June 8, 2004


The Beta Band

Heroes to Zeros


By Andy Marchessault

Like many, I first got into the Beta Band through that shameless promotion in the John Cusack vehicle High Fidelity. Cusack plays the owner of a hip record store in Chicago, and at one point he drops the needle on "Dry the Rain," the first track on The Three EP's. A six-minute epic that sounds longer, the song introduces the Betas' signature sound, which combines heavy bass, drums, electronic gimmickry, and a knack for a great melody. Cusack says something to the effect of "Now four people will come up and buy this record." And they do.

Such is the effect that the Beta Band has on people. Or at least the old version. On Heroes to Zeros, the band's first album in almost three years, the band recovers from the blandness of Hot Shots II, and the "fucking awful"ness (band's quote) of their eponymous debut LP. This time around, the band has truncated their rambling and gone for the shorter, tighter pop song format, with mixed results.

The Scottish quartet still doesn't sound like anyone else, but now it sounds a little more like everyone else. Songs such as "Assessment," with its rousing horn finale, and "Space," with its tribal psychedelia, vault the band past others dabbling in its sonic palette. But the album lacks consistency, unable to string a few great songs together, leaving a few gems among the rubble of incomplete ideas. The songs aren't always incomplete; rather, what the band once fit in five to eight minutes just can't be contained in four. The Betas certainly aren't zeros, but going pop does bring them a bit farther down the scale.

The Magnetic Fields



By Brad Heffern

It's been a long time coming. Stephin Merritt and company—also known as the Magnetic Fields—haven't had a new album out (excluding the Pieces of April soundtrack) since 1999's sublimely/obnoxiously pretentious 69 Love Songs. As the Magnetic Fields have been indie darlings ever since there was indie, it came as a bit of a surprise to fans and critics alike that the follow up to 69 Love Songs would be released on Nonesuch records, a subsidiary of Warner Music Group. Needless to say, I was skeptical that high production values could have any positive impact on the recording process.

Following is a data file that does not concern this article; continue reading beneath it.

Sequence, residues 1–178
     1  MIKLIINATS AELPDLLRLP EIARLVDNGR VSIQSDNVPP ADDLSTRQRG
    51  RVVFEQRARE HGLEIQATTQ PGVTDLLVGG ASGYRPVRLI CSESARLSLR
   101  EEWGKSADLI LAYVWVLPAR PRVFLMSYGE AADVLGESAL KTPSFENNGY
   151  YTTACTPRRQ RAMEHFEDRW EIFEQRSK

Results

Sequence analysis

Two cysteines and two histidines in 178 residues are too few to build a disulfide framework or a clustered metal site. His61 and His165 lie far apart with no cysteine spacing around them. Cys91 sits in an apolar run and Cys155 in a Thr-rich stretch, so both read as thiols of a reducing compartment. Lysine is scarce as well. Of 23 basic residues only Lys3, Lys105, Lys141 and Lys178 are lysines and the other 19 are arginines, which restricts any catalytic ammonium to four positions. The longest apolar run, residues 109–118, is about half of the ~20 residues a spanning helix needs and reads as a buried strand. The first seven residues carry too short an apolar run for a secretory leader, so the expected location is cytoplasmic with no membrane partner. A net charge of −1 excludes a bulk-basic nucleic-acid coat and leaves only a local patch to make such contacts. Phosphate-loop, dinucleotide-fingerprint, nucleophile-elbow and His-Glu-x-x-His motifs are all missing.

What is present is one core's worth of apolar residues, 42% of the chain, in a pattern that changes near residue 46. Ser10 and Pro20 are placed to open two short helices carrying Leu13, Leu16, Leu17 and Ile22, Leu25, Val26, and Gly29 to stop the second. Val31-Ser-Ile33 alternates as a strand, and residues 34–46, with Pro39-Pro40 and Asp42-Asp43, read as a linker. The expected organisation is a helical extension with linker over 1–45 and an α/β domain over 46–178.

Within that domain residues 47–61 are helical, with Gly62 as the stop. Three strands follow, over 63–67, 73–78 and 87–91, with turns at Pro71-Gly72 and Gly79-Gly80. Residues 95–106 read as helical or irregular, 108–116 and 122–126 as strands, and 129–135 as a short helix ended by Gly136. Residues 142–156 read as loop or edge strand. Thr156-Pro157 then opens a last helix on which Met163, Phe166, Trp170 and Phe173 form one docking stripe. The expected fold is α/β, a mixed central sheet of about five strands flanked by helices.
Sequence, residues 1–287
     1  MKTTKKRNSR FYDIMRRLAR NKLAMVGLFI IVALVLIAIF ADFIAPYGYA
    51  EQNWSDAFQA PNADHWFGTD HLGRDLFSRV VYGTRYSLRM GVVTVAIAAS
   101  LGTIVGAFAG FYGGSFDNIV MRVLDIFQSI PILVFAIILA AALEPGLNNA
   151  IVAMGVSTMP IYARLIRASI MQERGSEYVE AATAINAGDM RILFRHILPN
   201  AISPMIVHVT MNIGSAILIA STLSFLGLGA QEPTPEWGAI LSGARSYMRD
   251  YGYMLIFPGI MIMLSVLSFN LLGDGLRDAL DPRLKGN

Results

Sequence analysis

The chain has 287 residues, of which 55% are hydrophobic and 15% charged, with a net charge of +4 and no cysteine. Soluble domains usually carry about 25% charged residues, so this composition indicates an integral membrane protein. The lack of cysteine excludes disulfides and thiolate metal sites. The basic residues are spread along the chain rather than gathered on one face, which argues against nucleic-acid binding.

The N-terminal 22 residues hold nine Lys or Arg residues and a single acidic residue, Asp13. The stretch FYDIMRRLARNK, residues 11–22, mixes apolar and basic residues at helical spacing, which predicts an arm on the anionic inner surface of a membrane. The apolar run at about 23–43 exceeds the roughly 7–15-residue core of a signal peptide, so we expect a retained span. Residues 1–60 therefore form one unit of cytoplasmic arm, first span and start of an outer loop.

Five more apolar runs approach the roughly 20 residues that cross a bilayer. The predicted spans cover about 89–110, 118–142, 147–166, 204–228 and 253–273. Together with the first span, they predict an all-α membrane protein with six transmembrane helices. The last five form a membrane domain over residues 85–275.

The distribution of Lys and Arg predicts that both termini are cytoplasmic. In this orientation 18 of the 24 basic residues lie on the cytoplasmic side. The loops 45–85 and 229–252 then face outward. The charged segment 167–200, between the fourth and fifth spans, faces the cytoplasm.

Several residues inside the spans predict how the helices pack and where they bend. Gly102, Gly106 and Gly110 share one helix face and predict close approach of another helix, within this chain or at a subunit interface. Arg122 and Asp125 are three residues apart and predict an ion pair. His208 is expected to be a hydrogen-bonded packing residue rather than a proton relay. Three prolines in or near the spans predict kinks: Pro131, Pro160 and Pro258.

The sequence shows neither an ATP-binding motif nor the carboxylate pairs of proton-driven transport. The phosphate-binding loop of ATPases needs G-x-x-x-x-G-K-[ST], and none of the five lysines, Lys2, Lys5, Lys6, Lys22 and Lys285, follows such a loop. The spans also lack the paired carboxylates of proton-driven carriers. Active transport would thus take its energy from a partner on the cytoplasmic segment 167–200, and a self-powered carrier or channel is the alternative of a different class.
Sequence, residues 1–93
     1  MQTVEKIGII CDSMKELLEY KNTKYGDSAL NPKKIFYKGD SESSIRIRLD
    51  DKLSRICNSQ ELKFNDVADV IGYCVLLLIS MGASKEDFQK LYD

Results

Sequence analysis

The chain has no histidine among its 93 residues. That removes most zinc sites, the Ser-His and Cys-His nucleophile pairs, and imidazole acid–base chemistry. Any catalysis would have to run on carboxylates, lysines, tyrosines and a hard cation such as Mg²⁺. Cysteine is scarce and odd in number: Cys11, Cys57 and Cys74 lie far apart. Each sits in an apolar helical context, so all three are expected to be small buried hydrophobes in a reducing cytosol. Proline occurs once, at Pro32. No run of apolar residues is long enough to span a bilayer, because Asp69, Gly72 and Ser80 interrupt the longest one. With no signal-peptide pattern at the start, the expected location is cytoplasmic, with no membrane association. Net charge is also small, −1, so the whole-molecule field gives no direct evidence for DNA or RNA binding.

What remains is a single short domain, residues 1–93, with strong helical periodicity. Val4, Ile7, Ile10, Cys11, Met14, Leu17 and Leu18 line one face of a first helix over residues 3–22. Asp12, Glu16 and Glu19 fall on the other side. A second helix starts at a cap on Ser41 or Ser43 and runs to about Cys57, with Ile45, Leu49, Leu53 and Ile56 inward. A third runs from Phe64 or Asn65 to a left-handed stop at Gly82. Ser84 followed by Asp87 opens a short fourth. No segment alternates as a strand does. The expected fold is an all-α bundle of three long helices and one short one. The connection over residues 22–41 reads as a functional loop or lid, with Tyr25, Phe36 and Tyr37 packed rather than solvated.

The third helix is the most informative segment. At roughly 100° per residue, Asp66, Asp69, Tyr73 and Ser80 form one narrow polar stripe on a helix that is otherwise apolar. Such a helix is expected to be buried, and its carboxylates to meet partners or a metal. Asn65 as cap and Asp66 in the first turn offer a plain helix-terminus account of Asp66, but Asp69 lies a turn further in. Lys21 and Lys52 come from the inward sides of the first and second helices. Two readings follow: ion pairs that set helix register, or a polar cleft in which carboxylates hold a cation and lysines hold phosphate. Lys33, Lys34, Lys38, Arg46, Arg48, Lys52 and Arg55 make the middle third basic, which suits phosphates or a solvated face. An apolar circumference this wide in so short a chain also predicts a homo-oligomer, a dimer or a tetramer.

Boy, was I wrong. i is cut from much the same cloth as 69 Love Songs, featuring similar acoustic instrumentation (violin, cello, and, er . . . glockenspiel), comparable (if clearer) production, and, on the whole, analogous themes. In fact, it is almost as if i was distilled directly from the 69 Love Songs master tapes. This is not as bad as it might seem—69 Love Songs was generally brilliant, and since that album was a bit on the heavy side (weighing in at just under three hours), a condensed version proves more accessible. In fact, i is decidedly the most user friendly Magnetic Fields album to date. It has all the joyous poppiness of 69 Love Songs without the throwaway songs ("Experimental Music Love" anybody?), and with writing that is just as good. Stephin Merritt's monotone on "Infinitely Late at Night" connotes the title perfectly; "I Wish I Had an Evil Twin" showcases the storytelling ability that the Fields have always had (see "Two Characters In Search of a County Song" on The Charm of the Highway Strip); and "I Die" displays all the sadness and emotion I have come to expect from the Magnetic Fields. Some may complain about the apparent lack of forward progress, but the material is strong enough to prove the naysayers wrong.